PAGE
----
These points of failure at the edge of the network are where most critical situations can occur rapidly and can often go unnoticed for unacceptably long periods – it could be as simple as unmanned machinery breaking down in a remote location that causes localised machine failure, this can lead in time to wider system failure. Whatever IT you have at the edge of your infrastructure, in many cases this part of the infrastructure has little IT resource or expert staff to dedicate time to keep an eye out and ensure everything is running as planned. The computing taking place at this point in the infrastructure is what we define as Edge Computing.Edge Computing poses many challenges for most sectors: manufacturing; transportation; retail and telecommunication, to name but a few. Many organisation’s operational functions are carried out with consideration of their direct connection, or proximity, to the data centre but, when running applications remotely at the edge, they aren’t always able to utilise the full computing power, or human resource, offered by the data centre. Compromises often have to be made which lead to questions over data integrity and security and, while these are key factors that are driving the increase in demand for Edge Computing, effectively pushing the analysis and reporting out to more remote locations it means that less data has to travel the network, allowing instant reporting and alerting from the edge itself.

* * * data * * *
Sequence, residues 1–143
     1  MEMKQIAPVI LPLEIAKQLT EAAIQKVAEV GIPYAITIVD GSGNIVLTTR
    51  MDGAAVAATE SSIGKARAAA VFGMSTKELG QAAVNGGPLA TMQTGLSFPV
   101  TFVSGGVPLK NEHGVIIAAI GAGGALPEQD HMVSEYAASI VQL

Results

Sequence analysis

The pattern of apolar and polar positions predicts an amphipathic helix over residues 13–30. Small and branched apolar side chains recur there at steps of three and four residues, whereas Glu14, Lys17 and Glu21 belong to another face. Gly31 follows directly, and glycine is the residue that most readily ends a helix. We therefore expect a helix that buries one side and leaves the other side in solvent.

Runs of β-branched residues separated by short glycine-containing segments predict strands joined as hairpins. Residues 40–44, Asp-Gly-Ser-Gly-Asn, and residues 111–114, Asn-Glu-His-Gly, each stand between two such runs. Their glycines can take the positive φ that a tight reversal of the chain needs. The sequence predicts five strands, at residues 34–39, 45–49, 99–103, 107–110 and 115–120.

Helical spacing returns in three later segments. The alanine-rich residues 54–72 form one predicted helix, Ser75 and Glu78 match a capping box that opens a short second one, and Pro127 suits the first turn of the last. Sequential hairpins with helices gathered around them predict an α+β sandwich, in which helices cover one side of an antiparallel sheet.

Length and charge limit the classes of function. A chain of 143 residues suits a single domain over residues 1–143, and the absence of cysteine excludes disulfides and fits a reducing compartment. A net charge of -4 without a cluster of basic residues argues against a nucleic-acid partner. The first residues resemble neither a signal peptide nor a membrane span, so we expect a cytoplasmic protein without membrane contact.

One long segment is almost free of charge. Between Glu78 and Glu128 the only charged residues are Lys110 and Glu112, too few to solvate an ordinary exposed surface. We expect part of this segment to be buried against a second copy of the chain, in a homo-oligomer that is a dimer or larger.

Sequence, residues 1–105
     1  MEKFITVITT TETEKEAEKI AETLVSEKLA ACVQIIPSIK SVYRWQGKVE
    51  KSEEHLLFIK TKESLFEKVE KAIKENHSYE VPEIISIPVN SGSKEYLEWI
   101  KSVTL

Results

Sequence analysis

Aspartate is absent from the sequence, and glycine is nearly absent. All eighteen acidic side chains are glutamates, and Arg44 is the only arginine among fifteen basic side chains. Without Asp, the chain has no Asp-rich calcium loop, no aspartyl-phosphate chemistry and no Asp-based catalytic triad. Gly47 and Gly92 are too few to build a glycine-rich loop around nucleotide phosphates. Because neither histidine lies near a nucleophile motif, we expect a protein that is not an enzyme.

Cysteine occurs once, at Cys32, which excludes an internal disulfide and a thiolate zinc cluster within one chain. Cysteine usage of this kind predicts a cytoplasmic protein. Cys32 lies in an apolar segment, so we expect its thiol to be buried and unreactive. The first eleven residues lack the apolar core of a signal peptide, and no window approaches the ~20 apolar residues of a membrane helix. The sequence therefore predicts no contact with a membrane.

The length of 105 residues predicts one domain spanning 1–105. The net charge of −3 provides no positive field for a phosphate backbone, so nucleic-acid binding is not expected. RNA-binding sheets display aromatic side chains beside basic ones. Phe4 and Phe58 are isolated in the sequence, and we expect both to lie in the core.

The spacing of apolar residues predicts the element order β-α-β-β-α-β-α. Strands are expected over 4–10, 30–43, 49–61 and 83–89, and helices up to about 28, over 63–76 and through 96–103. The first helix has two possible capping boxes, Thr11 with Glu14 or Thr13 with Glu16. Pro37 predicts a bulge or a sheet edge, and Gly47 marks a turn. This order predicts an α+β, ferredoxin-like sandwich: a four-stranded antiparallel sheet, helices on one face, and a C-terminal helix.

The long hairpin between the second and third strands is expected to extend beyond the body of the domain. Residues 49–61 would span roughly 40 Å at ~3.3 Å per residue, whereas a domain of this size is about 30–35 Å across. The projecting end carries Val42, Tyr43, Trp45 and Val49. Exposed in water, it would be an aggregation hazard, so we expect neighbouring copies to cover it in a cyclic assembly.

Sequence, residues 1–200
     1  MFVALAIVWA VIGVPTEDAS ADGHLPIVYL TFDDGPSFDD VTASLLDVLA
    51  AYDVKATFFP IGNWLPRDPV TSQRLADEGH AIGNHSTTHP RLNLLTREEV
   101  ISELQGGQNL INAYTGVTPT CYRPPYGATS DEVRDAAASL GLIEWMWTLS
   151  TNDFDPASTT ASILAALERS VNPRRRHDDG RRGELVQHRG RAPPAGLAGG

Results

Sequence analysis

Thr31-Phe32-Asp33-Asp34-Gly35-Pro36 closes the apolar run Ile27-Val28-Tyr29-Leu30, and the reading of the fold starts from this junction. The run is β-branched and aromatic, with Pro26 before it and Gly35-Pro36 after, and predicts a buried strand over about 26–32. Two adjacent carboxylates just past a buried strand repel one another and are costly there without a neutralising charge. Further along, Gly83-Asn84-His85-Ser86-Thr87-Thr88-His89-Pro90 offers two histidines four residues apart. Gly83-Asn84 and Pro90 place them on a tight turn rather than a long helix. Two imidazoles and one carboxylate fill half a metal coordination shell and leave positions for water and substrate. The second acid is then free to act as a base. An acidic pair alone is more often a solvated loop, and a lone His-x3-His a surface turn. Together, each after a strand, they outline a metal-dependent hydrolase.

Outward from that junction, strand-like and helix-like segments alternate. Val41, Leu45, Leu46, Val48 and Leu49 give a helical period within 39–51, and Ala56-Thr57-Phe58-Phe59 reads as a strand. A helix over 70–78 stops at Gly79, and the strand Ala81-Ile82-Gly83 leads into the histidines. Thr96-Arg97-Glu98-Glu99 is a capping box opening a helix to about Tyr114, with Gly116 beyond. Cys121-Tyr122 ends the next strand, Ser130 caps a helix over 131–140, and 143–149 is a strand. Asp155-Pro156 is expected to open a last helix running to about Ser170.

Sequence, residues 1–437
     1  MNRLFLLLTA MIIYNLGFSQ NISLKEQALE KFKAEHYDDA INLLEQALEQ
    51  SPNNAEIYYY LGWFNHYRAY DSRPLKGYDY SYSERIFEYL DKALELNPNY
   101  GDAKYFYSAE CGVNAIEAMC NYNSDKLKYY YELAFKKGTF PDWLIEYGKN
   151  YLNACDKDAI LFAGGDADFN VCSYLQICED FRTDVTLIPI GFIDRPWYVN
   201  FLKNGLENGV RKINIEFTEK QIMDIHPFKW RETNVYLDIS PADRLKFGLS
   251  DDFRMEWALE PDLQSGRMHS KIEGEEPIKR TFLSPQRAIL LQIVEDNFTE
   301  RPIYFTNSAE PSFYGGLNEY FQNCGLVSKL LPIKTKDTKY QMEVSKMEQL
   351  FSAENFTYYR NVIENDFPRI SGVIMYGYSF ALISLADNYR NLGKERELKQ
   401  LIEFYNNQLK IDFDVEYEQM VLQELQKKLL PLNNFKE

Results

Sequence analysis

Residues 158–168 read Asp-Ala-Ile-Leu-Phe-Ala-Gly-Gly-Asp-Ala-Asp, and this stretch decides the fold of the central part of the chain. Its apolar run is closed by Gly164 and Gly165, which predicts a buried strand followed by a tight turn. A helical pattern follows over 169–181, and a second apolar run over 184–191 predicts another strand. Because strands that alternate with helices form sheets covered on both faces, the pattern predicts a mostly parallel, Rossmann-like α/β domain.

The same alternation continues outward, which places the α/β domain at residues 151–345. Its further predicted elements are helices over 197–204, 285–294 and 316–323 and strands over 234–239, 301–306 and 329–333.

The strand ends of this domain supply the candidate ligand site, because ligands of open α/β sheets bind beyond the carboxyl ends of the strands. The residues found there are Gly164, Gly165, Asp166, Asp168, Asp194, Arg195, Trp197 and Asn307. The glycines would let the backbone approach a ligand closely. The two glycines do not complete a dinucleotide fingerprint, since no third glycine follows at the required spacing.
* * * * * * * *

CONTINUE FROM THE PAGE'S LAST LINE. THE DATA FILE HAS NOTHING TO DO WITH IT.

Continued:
Read the full article in the April issue of PBSI
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